iPhone, Android, Windows Phone, Blackberry, or feature phones.
Dave's 10 year old daughter wants a phone. Leo says that kids are getting phones at younger ages all the time, but there's a great advantage to them having one. He can keep in contact with her and know where she is, but he'll also need to keep control over how much she uses it. They are addictive.
Bob is grandfathered in to unlimited data with Verizon, but he's thinking about leaving to go with Google Fi. Would it be worth it? Leo says that unlimited has a few caveats. It may be unlimited, but it could slow down dramatically after a few GBs. Google Fi takes connectivity from Sprint, T-Mobile, and US Cellular, picking the best one. It really comes down to how well the services work in his area. If Verizon is better, then he's better off staying with it.
Lee is looking at buying either the new Google Pixel or the Honor 8. Leo likes the Honor 8, but his ultimate choice is the Google Pixel. Though the Huawei Honor 8 is half the price and has nice hardware, camera and a big screen, the manufacturer hasn't committed to push Google security updates directly to the phone with immediate effect. They promise to update "in a timely manner," but what does that really mean? Google does, obviously.
Jenny is ready to upgrade her phone on Verizon. She's been thinking about the Google Pixel. Leo says without a doubt, it's the best phone on the market. The hardware is superb, and the camera is one of the best. It's pure Google and they update it faster than any other phone on the market. That makes it very secure. However, they're not only expensive, but they're also in high demand.
Brian picked up the new Blackberry Passport Silver Edition off eBay and he loves it. He says the speakers are great and the keyboard allows him to scroll. Leo says it's a great phone. He can even (sort of) run Android APKs. Leo's fears though is that being that it's Blackberry 10, there will be no more updates for it, since Blackberry has moved to Android. It also has little ecosystem other than a few sparse Android apps that had been ported over.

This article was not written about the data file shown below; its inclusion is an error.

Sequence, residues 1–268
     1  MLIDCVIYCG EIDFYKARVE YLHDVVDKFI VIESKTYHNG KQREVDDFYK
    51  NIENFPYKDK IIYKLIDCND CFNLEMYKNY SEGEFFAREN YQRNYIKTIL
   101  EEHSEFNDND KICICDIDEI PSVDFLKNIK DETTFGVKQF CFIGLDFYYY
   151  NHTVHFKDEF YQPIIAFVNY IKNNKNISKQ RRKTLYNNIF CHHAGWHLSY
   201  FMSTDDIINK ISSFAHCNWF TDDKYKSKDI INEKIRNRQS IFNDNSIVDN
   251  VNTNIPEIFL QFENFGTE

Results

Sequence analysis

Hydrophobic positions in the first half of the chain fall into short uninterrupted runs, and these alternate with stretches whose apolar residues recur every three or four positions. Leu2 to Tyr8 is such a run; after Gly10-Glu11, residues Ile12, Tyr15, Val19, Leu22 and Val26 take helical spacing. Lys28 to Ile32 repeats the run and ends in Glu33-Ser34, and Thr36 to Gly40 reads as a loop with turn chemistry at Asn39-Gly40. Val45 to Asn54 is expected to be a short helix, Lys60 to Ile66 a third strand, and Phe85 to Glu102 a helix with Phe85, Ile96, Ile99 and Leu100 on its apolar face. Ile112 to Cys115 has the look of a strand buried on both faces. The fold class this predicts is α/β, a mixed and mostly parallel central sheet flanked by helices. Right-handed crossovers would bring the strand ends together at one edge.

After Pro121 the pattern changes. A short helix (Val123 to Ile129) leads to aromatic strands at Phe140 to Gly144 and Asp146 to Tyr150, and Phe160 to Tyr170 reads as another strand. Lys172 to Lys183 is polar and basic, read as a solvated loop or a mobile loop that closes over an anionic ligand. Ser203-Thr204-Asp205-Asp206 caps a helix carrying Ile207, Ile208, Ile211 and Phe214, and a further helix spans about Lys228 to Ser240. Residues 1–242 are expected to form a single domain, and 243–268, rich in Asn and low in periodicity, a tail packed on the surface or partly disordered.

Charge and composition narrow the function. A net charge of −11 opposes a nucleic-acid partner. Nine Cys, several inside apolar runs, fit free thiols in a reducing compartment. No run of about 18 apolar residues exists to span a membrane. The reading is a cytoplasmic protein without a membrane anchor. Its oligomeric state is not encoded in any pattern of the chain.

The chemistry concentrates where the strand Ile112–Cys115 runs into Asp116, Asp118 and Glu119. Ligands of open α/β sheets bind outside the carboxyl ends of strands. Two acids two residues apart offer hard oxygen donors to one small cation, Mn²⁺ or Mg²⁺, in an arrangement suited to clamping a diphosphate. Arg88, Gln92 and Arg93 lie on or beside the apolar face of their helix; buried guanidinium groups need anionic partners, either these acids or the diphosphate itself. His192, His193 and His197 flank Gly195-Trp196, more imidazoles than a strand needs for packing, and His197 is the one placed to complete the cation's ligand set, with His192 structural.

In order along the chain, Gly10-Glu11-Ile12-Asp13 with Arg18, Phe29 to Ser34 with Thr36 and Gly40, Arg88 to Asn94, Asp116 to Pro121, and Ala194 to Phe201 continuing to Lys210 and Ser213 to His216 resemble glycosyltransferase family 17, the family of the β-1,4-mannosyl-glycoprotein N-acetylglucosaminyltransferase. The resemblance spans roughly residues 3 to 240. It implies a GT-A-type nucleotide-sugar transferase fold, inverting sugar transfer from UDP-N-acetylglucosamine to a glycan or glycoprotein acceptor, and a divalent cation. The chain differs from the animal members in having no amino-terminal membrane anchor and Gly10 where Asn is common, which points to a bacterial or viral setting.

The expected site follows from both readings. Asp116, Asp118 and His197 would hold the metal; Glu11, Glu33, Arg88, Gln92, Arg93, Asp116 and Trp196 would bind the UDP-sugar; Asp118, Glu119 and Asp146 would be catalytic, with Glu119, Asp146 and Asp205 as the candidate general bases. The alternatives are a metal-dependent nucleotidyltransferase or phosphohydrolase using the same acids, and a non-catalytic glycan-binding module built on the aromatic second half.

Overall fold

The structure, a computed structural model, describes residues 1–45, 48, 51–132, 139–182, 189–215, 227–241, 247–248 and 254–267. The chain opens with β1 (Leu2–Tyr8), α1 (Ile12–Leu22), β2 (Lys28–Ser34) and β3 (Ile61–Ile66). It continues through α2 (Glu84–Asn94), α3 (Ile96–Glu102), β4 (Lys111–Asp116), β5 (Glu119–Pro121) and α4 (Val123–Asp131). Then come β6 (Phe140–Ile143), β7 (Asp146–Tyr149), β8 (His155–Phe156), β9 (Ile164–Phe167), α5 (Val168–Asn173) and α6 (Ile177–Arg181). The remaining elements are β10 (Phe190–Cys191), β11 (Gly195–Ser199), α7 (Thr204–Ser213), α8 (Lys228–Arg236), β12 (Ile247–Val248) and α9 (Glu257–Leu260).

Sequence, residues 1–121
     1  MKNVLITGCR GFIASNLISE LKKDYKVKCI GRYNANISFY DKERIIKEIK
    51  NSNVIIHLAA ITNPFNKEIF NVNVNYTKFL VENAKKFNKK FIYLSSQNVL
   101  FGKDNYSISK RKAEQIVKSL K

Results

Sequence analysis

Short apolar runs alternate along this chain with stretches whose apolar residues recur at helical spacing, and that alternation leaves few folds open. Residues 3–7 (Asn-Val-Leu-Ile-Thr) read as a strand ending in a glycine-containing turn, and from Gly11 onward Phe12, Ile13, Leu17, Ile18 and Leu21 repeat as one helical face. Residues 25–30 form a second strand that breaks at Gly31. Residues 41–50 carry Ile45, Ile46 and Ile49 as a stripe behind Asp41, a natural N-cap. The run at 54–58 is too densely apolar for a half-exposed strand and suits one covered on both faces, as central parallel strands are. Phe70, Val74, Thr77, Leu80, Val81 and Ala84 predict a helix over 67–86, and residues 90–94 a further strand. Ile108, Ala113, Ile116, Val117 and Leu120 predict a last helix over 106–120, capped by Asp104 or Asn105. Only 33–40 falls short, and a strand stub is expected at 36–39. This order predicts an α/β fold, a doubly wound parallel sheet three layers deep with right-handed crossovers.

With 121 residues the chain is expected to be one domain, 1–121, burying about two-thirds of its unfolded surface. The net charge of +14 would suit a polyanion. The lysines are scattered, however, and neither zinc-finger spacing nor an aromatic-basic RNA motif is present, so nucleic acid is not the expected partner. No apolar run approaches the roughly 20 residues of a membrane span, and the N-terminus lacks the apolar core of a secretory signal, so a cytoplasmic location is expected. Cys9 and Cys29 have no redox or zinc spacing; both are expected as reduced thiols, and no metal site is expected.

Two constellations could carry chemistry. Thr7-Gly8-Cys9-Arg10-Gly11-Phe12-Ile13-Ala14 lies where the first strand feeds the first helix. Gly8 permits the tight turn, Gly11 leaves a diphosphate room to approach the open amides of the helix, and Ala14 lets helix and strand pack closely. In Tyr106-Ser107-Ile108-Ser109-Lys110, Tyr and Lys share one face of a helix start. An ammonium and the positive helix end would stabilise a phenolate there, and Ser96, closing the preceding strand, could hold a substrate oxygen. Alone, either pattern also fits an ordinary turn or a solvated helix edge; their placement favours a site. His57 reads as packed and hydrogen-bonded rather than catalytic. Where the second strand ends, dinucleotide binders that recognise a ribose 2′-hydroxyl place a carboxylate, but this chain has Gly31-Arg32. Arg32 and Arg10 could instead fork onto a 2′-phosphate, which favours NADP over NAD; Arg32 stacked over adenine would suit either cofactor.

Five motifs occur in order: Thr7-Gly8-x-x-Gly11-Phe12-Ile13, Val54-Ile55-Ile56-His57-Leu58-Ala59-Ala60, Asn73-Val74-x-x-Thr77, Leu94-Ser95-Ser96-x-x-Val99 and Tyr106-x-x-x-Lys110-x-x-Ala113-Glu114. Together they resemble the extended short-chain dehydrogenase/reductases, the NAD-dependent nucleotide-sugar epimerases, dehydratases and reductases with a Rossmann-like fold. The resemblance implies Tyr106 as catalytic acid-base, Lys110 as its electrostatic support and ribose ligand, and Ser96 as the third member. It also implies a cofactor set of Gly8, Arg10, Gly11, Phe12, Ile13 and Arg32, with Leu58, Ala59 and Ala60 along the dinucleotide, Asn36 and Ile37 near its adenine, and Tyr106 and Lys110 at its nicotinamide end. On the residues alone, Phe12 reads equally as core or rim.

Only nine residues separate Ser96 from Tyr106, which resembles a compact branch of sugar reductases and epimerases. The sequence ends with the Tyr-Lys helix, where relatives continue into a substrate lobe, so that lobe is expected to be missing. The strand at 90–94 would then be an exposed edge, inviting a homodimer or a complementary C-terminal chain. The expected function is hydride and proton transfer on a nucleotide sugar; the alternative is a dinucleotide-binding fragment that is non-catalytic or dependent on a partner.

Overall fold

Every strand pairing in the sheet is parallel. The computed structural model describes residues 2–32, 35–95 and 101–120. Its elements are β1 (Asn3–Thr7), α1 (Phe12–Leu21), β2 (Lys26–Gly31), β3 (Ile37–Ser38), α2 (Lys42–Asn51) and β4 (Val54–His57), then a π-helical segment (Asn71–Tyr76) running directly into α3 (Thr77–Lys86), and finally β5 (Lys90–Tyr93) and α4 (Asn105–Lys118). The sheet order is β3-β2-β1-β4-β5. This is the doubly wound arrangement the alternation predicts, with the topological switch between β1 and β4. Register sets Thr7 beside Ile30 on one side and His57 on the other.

Greg can buy a used iPhone 7, but it's carrier locked. How can he get it unlocked? Leo says that he'd have to talk to the company to see if they are willing to unlock it. He'll need to give them the IMEI number and as long as he's in good standing with the ISP, they are usually willing to do it.
Steve has an idea for an app. Can he get a company to make the app and pay him a royalty? Leo says that app ideas are a dime a dozen. It's the execution that's really more important. The idea alone is not enough.
Louie is thinking about getting the Motorola Moto Z Play. Leo says that it's an interesting concept where Motorola will be adding new features and modules over the next few years including upgraded speakers, better cameras, etc. It's a cool phone. The built-in camera isn't all that great, but it has a lot of promise.
It's time for Steve to upgrade his phone and he wants to know what to get. He hears that Nokia is releasing a new phone called the Six. Leo says that the new Nokia smartphones are quite nice, with a mid range price. What about the Windows Phone platform? Microsoft has pretty much given up on it and nobody is really supporting it anymore. Steve is wondering if he can put Android on his old Lumia? Leo says probably not. He should try going to XDA-Developers.com to see if it's possible.
Clarence is concerned about the new trend to have irreplaceable batteries in devices, like the new Nintendo Switch. Leo says that iFixIt says the battery in the Switch can be replaced with the right tool and replacement part. It's doable. But there's no user serviceable part for the battery in the iPhone. It's all glued in now. Apple will repair a battery for you, but it can't be done by the user. Clarence's battery should last around 500 complete charges. Once that happens, they are dead.